The Encyclopedia Americana (1920)/Rattan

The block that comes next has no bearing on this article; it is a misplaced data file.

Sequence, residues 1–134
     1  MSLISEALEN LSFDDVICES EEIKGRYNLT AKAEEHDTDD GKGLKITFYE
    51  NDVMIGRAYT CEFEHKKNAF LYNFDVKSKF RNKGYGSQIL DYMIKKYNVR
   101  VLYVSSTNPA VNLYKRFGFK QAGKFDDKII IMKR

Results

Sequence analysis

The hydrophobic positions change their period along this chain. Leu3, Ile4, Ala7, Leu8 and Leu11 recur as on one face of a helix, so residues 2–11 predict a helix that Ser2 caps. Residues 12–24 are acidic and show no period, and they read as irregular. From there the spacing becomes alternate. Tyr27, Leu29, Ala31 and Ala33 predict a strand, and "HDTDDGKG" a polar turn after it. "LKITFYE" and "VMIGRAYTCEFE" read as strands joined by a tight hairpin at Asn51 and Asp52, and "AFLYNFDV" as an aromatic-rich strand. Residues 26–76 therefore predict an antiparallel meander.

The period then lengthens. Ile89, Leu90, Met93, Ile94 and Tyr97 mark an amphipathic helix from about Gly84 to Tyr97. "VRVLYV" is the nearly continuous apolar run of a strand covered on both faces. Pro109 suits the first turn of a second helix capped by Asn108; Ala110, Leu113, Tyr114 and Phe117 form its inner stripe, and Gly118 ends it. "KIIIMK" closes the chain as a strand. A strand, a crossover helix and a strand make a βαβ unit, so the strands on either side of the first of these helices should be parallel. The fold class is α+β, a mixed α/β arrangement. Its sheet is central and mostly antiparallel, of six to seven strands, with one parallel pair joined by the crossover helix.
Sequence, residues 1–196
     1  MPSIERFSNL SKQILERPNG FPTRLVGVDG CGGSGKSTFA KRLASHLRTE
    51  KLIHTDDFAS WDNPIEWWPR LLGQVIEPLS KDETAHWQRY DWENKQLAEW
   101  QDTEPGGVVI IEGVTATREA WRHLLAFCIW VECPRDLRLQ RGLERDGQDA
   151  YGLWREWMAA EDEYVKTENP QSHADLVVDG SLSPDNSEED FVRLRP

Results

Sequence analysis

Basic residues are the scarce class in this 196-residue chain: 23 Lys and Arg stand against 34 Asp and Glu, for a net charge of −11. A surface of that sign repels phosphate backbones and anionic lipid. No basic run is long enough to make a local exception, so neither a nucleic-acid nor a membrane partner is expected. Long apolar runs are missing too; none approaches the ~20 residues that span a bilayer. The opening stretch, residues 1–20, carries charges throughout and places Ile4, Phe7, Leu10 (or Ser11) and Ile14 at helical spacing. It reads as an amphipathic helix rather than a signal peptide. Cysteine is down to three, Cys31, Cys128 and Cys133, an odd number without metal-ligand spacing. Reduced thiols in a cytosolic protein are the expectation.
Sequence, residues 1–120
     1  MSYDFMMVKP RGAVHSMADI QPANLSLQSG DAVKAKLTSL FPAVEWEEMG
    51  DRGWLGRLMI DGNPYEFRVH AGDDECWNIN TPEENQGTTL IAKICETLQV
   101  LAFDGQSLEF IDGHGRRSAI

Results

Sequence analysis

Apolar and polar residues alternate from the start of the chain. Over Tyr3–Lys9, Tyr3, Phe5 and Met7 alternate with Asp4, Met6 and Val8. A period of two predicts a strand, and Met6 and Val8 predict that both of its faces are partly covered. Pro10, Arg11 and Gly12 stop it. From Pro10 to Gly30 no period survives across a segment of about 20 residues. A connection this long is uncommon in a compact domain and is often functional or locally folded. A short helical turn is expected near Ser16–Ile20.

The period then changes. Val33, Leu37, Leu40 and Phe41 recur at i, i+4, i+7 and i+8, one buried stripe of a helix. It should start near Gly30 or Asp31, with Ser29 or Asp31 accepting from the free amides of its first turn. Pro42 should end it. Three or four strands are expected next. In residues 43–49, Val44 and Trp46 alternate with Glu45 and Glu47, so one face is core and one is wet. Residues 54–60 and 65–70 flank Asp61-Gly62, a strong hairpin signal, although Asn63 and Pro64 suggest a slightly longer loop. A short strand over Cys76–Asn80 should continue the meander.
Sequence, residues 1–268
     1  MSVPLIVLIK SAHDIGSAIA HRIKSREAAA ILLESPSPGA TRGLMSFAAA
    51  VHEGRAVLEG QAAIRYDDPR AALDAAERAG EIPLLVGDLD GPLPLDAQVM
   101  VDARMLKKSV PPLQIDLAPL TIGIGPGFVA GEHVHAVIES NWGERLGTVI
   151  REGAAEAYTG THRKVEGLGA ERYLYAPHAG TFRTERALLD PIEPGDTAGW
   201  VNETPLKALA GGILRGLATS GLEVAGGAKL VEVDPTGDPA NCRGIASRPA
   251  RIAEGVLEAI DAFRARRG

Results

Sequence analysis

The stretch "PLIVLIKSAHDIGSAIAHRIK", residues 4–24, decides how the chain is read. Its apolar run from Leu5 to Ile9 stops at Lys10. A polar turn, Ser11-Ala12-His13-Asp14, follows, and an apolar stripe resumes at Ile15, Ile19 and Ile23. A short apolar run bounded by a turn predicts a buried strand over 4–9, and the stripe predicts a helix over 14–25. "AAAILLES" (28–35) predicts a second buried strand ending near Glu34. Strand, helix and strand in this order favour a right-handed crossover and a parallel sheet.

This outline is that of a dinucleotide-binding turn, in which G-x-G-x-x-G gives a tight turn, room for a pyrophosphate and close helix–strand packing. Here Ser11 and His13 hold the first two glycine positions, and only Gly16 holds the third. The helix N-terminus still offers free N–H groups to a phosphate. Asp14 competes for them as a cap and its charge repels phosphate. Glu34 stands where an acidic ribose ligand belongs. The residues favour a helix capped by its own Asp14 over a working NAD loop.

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RATTAN, răt-tăn, a product of Calamus rotang, a scandent palm of Ceylon, but also found in India and Burma. While this species furnishes the best commercial rattan, there are about 200 species in this genus, inhabiting tropical and subtropical Asia, Africa and Australia. The most important species other than the above are C. rudentum, C. pachystemonus and C. radiatus, abounding throughout the damp forests of Ceylon up to 3,500 feet elevation. C. rotang and the first two species named above are manufactured into a great variety of useful articles such as baskets, chairs, the hoods of carts, and when split into strips can be twisted into cordage of great strength. C. rotang is often used in Eastern countries for rope bridges, or, used entire, is stretched across rivers as the supports of suspension bridges; and is also employed for the manufacture of Malacca canes. In China rattan is a favorite material for cordage, and the material also enters into the manufacture of umbrella handles and ribs, and as a substitute for whalebone. The cane is used for saddlery and harness and for wicker-work helmets, said to be sword-proof. The two smaller species (C. pachystemonus and C. radiatus) are largely employed in the manufacture of baskets for the Ceylon tea gardens, used in picking the tea leaves. C. radiatus supplies the material for chair bottoms, being split into thin strips. In fact the many uses of rattan in Eastern countries are almost nameless. In the United States rattan is largely used for manufacturing chairs and other furniture, for chair-seating, baby-carriage bodies, baskets, floor mattings, brooms, corset-stays, whips and many other uses of minor importance. The “reed” used in raffia fancy-basket manufacture is the split inner portion of rattan dressed in cylindrical form like the true reeds. See also Fibre.